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Obesity: The Psychological Effects

Obesity: The Psychological Effects

Studies have found that 30 percent of adults who are categorized as obese first developed weight problems in childhood

If you have weight problems as a child, chances are you have experienced low self-esteem as a result of social discrimination. Studies have indicated that teasing at school, fatigue, sleep disorders and other obesity-linked problems severely affect children's well-being. 

Your genetics aren't just passed down via your family tree. "Body shame" can also be something that is passed down, and parents may unconsciously perpetuate insecurities.

Unfortunately, this discrimination continues into adulthood. It can still happen with your family, friends and even in the workplace; a job or a promotion could be denied because of how much you weigh. 

Obesity can trigger psychological disorders including mental illness, depression, eating disorders, distorted body image and low self-esteem.

Director of Eating Disorder Service at the Recover Ranch in Tennessee, Susan Strain, ACSW, shares how you can overcome the psychological effects of obesity.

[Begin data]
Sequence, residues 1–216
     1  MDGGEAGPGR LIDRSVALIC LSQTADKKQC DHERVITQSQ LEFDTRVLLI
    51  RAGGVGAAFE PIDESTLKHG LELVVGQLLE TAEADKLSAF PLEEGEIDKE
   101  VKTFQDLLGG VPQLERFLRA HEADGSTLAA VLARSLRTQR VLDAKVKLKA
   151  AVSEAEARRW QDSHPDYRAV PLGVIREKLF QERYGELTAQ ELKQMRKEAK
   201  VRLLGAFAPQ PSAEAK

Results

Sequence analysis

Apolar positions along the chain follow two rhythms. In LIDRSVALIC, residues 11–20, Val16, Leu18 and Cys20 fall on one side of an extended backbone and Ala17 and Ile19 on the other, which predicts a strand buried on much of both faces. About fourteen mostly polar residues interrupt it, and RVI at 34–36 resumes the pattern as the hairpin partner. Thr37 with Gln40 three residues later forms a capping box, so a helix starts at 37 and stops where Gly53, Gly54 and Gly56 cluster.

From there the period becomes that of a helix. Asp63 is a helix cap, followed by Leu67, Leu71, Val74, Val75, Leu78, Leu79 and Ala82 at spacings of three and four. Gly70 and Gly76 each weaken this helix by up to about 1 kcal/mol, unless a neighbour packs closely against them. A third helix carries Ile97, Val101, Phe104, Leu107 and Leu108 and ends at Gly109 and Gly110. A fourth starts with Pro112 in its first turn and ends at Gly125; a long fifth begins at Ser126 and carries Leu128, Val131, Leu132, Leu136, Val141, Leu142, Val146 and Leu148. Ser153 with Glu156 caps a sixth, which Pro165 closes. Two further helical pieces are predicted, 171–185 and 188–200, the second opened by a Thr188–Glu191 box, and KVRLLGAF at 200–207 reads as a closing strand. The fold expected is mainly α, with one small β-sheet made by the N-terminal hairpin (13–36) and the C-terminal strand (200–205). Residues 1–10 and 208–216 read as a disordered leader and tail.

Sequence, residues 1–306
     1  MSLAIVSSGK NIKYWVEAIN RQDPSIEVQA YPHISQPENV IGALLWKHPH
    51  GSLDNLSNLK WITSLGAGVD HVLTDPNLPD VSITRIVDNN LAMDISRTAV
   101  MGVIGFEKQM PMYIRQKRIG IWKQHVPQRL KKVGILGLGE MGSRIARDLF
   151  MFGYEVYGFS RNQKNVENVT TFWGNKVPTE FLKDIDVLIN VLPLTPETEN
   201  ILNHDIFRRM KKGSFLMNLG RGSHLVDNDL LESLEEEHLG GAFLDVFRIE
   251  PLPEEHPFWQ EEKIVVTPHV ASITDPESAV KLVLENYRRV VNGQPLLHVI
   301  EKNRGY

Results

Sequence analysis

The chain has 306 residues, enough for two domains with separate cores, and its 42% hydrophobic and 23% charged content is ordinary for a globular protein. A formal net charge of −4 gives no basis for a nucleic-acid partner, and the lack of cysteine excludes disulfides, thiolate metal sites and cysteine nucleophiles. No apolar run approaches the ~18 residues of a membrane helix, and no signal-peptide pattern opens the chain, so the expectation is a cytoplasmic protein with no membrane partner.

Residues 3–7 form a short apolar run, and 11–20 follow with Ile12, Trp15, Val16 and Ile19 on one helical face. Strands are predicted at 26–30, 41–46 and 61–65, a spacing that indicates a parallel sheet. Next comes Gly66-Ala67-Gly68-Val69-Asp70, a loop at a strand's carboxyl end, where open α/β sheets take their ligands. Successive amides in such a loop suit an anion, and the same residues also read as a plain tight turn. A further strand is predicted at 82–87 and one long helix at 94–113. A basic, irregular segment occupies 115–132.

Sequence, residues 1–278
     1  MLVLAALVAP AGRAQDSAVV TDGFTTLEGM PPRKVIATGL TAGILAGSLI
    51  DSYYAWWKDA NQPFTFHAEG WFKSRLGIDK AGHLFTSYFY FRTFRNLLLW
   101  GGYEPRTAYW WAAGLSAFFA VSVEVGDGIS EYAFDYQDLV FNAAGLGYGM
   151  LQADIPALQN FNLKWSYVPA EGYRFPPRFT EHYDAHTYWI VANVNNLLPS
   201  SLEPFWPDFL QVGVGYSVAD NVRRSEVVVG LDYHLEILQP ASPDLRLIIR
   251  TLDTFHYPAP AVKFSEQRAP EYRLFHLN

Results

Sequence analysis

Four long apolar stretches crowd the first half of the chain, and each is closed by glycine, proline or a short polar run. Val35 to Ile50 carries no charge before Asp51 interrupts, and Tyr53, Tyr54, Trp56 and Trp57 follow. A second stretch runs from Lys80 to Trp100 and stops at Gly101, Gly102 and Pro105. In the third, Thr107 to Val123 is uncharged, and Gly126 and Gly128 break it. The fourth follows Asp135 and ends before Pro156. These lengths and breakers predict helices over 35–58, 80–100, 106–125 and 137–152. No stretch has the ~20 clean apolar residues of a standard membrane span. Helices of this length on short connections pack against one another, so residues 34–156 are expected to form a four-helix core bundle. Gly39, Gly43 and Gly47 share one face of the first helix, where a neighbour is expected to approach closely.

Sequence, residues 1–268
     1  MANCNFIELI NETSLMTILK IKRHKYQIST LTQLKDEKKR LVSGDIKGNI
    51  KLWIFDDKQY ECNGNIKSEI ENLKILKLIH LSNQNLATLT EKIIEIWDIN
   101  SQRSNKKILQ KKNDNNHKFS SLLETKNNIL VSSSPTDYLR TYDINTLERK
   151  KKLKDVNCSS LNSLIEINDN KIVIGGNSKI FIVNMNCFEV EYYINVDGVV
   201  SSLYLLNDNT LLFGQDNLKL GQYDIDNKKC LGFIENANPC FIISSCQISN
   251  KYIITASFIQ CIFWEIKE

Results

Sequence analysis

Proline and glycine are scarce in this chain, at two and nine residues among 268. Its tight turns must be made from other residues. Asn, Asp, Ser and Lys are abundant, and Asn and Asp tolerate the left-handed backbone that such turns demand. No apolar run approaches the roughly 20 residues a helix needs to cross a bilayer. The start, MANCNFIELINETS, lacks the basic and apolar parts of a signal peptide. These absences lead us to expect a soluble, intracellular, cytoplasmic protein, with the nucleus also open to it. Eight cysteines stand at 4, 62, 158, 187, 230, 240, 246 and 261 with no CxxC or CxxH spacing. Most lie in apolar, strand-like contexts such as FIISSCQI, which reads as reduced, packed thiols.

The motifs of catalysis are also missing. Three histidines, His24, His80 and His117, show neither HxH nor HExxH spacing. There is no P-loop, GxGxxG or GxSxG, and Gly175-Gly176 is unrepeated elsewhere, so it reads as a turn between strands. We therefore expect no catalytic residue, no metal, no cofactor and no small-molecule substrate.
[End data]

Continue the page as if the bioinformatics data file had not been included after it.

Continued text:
Featured Speaker:
Susan E. Strain ACSW, LCSW
strainSusan comes to the Ranch with extensive experience working in both inpatient and outpatient settings, dealing with a wide range of populations and psychiatric conditions. She is a member of the Academy of Certified Social Workers, Licensed Clinical Social Worker and a Certified Eating Disorder Specialist.

A proponent of the bio-psycho-social model of illness and recovery, Susan's sees the illness and the recovery process as multi-dimensional; both involving the biological, psychological, social and spiritual aspects of an individual's life.

She uses a blend of motivational, cognitive/behavioral and insight oriented approaches. Susan believes that therapy is ultimately about balancing a full understanding and acceptance of the present reality while moving toward desired change.

She see the role as therapist to be an agent of change by providing and modeling self- understanding, self-acceptance and self-compassion while maintaining the challenge to develop new ways of being in the world. Susan feels strongly that the ambivalence about change is a natural and an expected part of the recovery process.

She is very excited to be a part a healing community that shares her treatment philosophy and values an individualized, compassionate approach to the treatment of eating disorders in particular.

The Ranch provides the warmth, emotionally safety and clinical expertise where clients can explore how deeper issues are expressed in their relationship with food and body and struggles over food, appetite and hunger can be understood as the symbolic expressions of ambivalence over need, desire and vulnerability.